Boroughbridge has a long and at times extraordinary history.
From the earliest times the three arrows monoliths in Boroughbridge are evidence of human occupation in the area, as long as 4000 years ago. However the town itself as we know it today only took root with the destruction of the neighbouring town of Aldborough, earlier the important Roman city Isurium Brigantum. Aldborough had suffered destruction by the Danes in the 8th Century and again by the Normans through their “Harrowing of the North”after the Conquest. A new wooden bridge was constructed upstream from the devastation and rubble of Aldborough in what is now Boroughbridge by the Normans and the town developed around the bridge. Its geographical position on the intersection of the Great North Road and the York to Ripon road was a key feature of its early development. The river Ure was navigable from the Humber as far as the town, and river trade developed alongside road traffic. The town was gradually built up on its Norman foundations, and first came into prominence at the Battle of Boroughbridge in 1322.
The town was the 44th “new town” to be created by the Normans and it rapidly grew in importance as a river and road centre. In 1115, together with Aldborough, Milby, Roecliffe, Durnsforth and Grafton, it became part of the Honour of Knaresborough (an Honour was a collection of manors controlled by one Lord) when the holders of the honour the Stutevilles line failed in 1205 the honour came under the direct rule of King John, from there to King Edward 11,who presented it to his “lover” Piers Gaveston. the Earl of Cornwall, thence to Edward 111. In 1325 as part of his marriage settlement he gave the honour including the Manor of Aldborough and Boroughbridge to his wife Queen Phillipa ,when she died it passed to her son, John of Gaunt the Duke of Lancaster and thence to the Duchy of Lancaster.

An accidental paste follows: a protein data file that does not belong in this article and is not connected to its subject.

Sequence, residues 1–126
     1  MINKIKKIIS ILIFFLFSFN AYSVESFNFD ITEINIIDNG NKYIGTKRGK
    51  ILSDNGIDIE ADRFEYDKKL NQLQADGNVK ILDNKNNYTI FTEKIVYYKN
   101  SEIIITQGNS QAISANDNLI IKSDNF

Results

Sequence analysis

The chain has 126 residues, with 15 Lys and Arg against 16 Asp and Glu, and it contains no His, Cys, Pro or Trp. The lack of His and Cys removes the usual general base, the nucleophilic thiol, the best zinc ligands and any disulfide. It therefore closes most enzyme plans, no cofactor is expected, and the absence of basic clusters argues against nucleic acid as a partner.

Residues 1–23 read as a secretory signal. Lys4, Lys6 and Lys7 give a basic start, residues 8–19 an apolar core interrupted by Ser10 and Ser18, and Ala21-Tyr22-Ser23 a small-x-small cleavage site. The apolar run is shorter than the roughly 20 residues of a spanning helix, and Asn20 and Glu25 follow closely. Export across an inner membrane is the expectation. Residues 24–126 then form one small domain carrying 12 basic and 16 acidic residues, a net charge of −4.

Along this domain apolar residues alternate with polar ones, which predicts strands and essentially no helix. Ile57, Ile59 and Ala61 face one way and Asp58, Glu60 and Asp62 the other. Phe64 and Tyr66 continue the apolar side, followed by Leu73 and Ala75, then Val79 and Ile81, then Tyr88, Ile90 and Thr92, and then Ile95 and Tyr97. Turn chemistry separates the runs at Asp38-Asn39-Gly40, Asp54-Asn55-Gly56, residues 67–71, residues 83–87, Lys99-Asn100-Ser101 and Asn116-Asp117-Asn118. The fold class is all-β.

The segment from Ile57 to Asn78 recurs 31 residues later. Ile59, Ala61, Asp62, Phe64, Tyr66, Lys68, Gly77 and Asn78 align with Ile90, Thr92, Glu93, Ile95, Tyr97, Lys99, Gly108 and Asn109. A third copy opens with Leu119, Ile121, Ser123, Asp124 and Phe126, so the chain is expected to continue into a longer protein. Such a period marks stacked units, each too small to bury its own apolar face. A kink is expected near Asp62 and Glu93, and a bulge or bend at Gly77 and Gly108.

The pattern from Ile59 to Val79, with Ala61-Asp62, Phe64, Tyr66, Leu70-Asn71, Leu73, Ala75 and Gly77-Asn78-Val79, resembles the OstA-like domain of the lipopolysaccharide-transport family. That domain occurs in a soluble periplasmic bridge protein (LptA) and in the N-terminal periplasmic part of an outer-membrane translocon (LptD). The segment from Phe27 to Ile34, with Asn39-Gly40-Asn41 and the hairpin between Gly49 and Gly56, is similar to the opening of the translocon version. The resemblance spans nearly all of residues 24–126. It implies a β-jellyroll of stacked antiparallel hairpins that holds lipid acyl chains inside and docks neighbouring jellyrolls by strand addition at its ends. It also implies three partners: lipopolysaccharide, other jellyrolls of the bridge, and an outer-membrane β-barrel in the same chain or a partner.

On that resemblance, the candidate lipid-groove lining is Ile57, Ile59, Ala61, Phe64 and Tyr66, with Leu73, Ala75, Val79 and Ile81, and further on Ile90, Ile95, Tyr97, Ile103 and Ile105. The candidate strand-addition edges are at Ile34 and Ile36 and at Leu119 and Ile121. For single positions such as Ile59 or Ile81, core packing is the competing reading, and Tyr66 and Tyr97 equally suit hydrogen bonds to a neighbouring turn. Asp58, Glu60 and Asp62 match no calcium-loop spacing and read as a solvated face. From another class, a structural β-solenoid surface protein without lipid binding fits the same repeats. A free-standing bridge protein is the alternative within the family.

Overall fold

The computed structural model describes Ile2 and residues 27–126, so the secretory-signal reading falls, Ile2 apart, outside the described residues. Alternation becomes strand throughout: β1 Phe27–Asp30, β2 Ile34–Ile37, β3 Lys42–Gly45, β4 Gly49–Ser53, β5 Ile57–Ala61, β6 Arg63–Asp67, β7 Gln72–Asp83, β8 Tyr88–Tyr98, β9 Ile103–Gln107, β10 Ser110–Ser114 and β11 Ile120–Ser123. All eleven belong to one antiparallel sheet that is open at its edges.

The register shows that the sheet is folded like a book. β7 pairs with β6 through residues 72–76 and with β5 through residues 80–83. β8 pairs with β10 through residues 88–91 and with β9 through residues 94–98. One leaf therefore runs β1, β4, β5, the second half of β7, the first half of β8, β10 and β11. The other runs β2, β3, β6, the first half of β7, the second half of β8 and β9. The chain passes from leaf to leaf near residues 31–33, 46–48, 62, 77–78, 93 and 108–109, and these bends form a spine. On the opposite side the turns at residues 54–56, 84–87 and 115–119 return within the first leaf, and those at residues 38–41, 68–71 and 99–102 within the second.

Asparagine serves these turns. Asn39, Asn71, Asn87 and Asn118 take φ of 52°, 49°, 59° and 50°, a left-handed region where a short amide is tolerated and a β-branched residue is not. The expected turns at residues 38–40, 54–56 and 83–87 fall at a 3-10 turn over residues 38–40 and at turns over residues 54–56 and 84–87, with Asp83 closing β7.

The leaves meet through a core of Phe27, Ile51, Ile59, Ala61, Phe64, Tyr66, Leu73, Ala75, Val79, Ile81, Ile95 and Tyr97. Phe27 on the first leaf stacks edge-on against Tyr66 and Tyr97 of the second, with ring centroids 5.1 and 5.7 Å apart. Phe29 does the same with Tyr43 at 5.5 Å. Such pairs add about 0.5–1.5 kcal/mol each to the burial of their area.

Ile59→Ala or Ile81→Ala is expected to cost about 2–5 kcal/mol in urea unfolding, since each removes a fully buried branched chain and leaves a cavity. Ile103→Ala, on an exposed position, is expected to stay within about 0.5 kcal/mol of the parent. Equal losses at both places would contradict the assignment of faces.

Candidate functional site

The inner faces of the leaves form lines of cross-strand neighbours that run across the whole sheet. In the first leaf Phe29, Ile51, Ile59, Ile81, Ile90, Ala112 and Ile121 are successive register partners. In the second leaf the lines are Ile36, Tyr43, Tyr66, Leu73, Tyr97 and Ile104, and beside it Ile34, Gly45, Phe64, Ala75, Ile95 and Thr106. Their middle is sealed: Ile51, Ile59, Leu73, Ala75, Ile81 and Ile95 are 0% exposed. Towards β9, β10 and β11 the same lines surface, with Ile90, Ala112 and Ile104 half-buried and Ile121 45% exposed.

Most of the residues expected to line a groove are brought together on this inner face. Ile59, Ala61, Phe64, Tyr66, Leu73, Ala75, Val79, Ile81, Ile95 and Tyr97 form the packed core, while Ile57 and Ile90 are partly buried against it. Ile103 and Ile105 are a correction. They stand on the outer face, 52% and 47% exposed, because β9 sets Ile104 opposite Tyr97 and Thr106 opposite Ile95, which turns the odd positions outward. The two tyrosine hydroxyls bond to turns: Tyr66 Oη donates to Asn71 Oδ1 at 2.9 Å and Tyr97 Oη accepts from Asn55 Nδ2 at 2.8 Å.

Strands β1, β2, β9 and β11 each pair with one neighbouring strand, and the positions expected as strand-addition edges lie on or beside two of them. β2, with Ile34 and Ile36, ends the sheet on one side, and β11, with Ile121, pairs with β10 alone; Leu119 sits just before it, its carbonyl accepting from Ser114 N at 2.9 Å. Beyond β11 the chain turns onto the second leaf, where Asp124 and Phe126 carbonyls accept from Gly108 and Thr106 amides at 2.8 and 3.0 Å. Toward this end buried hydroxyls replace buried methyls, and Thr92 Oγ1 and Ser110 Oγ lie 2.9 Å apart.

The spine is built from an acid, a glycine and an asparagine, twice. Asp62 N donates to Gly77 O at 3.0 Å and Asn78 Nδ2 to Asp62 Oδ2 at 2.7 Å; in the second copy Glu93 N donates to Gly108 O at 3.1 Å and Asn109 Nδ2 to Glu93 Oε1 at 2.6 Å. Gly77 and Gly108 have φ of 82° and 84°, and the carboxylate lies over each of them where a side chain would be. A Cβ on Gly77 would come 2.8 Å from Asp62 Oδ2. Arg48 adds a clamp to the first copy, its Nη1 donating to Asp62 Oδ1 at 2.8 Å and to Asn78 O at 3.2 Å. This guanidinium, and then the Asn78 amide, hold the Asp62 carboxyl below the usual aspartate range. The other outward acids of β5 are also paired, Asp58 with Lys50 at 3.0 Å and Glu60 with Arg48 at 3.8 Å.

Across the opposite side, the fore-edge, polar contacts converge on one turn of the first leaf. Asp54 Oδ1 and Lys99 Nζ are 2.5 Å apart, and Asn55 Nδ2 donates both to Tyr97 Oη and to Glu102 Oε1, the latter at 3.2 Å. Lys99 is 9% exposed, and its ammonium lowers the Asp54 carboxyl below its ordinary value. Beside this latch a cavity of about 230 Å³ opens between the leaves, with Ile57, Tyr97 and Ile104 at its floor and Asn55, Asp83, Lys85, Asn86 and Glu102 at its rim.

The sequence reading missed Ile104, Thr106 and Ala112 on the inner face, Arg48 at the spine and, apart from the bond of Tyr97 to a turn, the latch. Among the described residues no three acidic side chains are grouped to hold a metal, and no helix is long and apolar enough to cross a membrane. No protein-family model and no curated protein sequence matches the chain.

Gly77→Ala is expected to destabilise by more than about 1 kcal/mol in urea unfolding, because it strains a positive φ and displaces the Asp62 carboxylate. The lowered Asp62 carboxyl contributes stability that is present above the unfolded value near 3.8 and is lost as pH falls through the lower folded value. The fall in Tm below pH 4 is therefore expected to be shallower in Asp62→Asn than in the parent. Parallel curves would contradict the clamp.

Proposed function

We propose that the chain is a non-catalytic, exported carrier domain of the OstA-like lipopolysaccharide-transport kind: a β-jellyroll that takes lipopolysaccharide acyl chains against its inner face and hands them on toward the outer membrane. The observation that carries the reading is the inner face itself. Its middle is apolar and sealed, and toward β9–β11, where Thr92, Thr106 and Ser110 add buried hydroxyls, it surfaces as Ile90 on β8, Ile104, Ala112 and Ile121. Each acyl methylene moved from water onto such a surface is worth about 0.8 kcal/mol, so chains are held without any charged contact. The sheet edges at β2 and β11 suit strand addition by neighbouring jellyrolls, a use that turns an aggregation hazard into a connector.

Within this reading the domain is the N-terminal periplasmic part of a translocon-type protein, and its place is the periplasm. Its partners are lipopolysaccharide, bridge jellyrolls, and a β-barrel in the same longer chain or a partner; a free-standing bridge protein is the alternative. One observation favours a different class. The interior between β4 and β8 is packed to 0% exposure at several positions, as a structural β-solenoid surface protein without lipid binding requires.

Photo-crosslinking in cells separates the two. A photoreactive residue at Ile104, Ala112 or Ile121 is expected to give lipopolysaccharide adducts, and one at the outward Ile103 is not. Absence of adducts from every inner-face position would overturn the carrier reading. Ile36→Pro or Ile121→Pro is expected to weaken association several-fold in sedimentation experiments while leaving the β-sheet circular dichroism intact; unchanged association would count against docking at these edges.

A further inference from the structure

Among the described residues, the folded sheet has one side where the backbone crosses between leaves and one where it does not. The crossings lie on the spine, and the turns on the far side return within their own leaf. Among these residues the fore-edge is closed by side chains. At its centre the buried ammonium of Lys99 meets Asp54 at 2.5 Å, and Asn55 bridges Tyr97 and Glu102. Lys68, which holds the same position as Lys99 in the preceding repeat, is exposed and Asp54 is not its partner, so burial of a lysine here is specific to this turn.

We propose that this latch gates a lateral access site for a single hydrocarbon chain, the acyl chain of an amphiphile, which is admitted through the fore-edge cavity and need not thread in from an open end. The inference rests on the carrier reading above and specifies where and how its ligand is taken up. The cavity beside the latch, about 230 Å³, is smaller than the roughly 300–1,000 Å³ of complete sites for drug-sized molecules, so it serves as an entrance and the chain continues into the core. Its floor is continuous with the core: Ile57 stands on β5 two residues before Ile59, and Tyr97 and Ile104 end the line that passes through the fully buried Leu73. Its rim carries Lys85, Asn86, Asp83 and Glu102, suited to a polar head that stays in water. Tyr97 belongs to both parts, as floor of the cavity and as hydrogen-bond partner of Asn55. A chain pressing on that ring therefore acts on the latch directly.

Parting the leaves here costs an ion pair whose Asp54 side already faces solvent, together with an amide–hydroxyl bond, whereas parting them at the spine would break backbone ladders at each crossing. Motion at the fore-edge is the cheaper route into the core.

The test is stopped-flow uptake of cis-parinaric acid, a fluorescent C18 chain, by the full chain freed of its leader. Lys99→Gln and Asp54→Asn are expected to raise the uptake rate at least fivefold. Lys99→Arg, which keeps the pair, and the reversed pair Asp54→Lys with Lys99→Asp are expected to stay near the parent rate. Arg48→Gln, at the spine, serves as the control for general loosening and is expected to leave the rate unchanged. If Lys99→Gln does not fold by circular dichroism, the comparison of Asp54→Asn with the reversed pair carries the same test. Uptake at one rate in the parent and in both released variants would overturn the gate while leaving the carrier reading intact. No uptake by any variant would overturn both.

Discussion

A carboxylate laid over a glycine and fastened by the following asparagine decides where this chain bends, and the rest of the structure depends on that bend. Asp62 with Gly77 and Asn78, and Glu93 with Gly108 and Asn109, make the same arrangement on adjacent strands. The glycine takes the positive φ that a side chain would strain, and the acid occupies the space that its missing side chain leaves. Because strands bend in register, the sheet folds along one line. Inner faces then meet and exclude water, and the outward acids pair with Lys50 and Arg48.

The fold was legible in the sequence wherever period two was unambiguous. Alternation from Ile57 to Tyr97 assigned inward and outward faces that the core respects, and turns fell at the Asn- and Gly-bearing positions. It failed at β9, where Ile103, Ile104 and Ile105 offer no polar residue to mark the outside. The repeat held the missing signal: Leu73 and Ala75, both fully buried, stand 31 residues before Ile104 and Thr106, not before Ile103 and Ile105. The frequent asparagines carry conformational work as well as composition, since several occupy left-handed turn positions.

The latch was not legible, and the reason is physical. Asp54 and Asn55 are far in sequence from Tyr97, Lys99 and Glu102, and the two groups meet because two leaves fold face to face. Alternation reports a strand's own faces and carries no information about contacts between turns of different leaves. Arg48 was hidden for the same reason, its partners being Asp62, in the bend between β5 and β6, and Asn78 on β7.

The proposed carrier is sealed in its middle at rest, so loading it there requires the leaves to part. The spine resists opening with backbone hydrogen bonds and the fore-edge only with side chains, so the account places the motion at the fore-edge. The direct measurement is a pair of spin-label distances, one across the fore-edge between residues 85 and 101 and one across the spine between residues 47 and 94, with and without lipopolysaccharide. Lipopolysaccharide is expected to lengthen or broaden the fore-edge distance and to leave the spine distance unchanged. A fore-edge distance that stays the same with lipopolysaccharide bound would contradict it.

Since Tudor times it found itself in the unique situation of having two MPs in Parliament alongside Aldborough which had two more. This resulted in a dubious scramble for property in the town to gain control of the votes for Parliamentary MPs. When finally, at the time of the Industrial Revolution, with the two towns between them having 4 MPs representing some 1300 people whilst Leeds, Manchester and Birmingham had none, the party came to a sudden end with the Parliamentary Reform Bill of 1832 when the “Rotten Boroughs” were finally abolished, resulting in an unprecedented wholesale disposal of property in the town.
The fortunes of the town have ebbed and flowed over the centuries, but because of its geographical position as a transport hub, it has always been a hub of activity. It is certainly not short of interesting stories to tell, and the Boroughbridge Historical Society has recently embarked upon a project to gather and collate information on all aspects of its history, in the hope of being in a position to publish a book on the subject within the next two years.